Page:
The McIntosh MHA100 is definitely the most singular headphone amplifier we’ve ever had the pleasure of testing. The US brand, which clearly does things differently from its competitors, and not in half measures, with its MHA100, doesn’t just simply limit itself to headphone amplification but gives the listener the opportunity to run a pair of speakers thanks to an output stage capable of delivering 2×50 Watts at 8 Ohms. In addition, it incorporates a digital to analog converter with USB as well as optical and coaxial inputs which are compatible with PCM streams up to 32 bits and 192 kHz. Both computers and optical sources can thus be connected. Before we talk about the technical aspects of the McIntosh MHA100, here’s a brief word on the design, which is both vintage and modern and combines VU meters with a blue LED backlight, aluminium potentiometers and a toughened glass front panel.
The specific feature of this headphone amplifier is the presence of two autotransformers, technology which is specific to McIntosh and which allows the amplifier to adapt to the impedance of the speakers used. For this amplifier, this technology only applies to the headphones output with, consequently, an adjustable adaptation to the connected headphones’ impedance (which can be selected by the user). What are the advantages? Fluidity and sound aesthetics are maintained at all times, regardless of the connected headphones’ impedance curve. All the components are, furthermore, manufactured in the USA in accordance with strict specifications.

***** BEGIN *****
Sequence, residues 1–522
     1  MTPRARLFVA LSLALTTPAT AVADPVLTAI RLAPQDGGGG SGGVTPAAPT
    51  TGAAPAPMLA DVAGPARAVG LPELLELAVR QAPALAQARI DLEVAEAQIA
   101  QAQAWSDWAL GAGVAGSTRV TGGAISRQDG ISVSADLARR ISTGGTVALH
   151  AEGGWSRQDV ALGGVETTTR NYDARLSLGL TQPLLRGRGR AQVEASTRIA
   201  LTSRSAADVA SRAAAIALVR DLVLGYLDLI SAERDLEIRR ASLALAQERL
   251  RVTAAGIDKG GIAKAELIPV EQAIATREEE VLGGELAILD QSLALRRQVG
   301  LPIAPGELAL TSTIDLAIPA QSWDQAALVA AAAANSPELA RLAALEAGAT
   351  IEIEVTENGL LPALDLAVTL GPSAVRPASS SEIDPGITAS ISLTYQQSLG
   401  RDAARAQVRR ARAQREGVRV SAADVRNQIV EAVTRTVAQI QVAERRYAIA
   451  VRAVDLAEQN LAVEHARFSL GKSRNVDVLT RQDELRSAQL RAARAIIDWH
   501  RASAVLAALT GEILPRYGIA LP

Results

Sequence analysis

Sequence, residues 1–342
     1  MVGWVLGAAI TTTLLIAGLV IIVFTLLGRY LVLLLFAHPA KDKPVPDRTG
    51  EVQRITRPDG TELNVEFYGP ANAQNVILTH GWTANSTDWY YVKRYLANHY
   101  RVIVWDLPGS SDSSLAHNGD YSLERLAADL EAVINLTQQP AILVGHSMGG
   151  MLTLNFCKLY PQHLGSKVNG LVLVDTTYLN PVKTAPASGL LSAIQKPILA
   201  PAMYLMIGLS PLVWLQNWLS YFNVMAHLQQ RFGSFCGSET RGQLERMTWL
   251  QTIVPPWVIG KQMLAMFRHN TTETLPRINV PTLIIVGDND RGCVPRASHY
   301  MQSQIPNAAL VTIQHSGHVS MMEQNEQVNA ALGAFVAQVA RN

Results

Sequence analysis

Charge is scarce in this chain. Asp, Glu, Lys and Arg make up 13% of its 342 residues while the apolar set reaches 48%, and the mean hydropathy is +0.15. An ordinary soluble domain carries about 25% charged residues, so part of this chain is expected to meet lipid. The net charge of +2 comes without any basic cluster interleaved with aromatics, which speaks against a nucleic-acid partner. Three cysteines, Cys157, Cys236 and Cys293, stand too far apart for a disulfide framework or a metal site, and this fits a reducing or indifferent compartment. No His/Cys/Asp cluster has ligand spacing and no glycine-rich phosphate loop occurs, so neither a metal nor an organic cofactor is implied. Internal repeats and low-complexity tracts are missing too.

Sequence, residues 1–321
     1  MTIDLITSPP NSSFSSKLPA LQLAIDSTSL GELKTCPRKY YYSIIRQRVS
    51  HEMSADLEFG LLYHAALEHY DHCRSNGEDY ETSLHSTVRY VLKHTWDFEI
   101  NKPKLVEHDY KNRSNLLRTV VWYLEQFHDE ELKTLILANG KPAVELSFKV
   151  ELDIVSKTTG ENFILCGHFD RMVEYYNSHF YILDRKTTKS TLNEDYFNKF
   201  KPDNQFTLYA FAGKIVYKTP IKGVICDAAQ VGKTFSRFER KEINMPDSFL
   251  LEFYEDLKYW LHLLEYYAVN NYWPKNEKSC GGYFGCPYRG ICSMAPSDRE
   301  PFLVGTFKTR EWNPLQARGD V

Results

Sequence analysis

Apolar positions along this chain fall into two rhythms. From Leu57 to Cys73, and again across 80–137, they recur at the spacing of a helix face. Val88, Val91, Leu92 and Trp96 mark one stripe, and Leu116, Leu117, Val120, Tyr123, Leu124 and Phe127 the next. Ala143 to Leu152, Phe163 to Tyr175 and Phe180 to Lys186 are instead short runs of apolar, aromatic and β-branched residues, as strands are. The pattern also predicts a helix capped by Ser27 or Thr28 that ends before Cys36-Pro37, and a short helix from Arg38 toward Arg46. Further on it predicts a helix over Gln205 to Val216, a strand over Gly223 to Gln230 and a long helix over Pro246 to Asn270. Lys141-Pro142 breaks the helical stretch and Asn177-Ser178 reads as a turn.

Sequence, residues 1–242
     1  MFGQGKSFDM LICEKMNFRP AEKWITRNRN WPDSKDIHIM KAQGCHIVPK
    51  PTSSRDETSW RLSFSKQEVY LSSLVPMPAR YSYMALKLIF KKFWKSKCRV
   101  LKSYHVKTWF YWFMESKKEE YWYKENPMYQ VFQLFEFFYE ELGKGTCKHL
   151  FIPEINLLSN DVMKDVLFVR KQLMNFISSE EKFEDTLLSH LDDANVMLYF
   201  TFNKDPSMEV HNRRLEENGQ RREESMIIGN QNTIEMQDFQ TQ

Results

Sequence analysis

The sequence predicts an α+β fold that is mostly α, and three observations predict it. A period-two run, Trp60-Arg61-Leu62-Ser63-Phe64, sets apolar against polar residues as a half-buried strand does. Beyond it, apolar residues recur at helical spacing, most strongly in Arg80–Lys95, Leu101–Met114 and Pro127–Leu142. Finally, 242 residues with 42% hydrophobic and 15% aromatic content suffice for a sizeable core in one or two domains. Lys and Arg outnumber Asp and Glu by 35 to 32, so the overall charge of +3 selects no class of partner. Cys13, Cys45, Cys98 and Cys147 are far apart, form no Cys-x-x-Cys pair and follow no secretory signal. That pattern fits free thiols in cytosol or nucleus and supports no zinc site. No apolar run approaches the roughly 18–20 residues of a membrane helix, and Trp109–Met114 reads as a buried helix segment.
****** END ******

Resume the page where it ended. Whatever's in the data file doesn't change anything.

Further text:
Detailed headphone listening
We listened to the McIntosh MHA100 with several sources ? a computer firstly, using a USB ASIO connection and the supplied cable, then with a PopCorn Hour A410 multimedia player via the optical Toslink input and an Audioquest Vodka cable. Listening with HiFiMAN HE-560 and HiFIMAN HE-500 headphones turned out to be exceptional. Like any major amplifier, we often judge its performance in the bass range. Using the MHA100, the bass has a rare density, which is dramatic in its variations without being flamboyant. Breathing is constant, reversing initial expectations of listeners, who are used to a less subtle, even drastic delivery for certain types of music. This range doesn’t overshadow the other ranges as the medium is very detailed and perfectly integrated with voices to the fore. The mixing of sound levels is soft and dynamic. There isn’t a hint of harshness in the high frequencies. Strings and cymbals are constantly free-flowing.
To put it simply, we’re really listening to music and that is patently obvious.
Finally, with a couple of Watts delivered over an impedance range between 8 and 600 Ohms, the McIntosh MHA100 can power any set of headphones.
Users can select gain adjustment in accordance with the impedance of their headphones. In the 8-40 Ohms mode, the maximum power is 250 mW.
How about speakers?
Therein lies the surprise. Although no autotransformer is solely dedicated to speaker amplification, performances are, nevertheless, excellent with 2×50 Watts at 8 Ohms for an extremely low distortion rate (0.005 % at full power!). When listening, that relates to the capacity of dissecting sound levels while maintaining overall natural consistency. With a pair of Klipsch RF-7 MK2, we delight in the home cinema atmosphere just as much as if we were listening to music. With B&W CM6 S2 or Sonus Faber Venere 2.0, we benefit from an intimate but well structured sound with guaranteed listening pleasure.